You've already done work on it, no $ back. If he absolutely insists on taking them, he loses the deposit. You do have that in your signed contract, right?
    Good luck.
  5. Rick Krane

    Rick Krane Fish Taxidermist/ Judge/ Sculptor/ Instructor

    Hey Aaron,

    Man do I feel for you! Bad luck would be an understatement for sure. When it comes to business and that would be any business what is hard is as a small operation is to separate you from your business. When your business is you it is hard to do just that. Lets talk business for a moment… as a human being perhaps your customer feels for you personally about your life’s situation however he or she understands your problem but understands theirs better. A savvy business person would not throw the towel in but fall back on the business decision and protocol you have in place (if you don’t you will) Every business who serves the public wit some sort of service be it a restaurant or retail story will have a policy for inconvenience or failure to deliver satisfaction at some level. If you don’t care about staying in business then don’t have one. But like your word integrity means every thing.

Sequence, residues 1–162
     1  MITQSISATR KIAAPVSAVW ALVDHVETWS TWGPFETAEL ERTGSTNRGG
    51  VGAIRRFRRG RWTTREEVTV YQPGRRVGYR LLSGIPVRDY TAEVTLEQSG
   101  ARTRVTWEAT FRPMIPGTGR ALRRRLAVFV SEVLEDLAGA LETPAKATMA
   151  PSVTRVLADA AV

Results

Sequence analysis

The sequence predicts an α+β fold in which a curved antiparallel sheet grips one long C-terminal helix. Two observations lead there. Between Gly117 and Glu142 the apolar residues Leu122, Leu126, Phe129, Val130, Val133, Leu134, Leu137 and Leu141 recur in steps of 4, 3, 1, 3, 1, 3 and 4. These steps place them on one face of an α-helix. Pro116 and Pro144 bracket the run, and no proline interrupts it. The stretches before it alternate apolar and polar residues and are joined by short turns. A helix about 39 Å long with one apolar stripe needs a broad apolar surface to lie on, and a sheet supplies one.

Rather then explain to your customer about your problem address theirs and make it all worth there while! What this may mean to say 1 word of negative reputation is to move them up on the completion list or to offer a discount (god I hate that word) but think about it if you spend 1 dollar to advertise you may have to spend 2 to save a negative reputation. It is one thing if you did bad work and your customer just didn’t like your work then you would have to do better but in this situation it is not your customers fault you didn’t deliver (as it typically is not) Again it is sad to hear of your life’s problems and I hear you!!! However in business the customer will only care a little but not lot about your personal problems so you must address them as a businessperson and not as Aaron the taxidermist.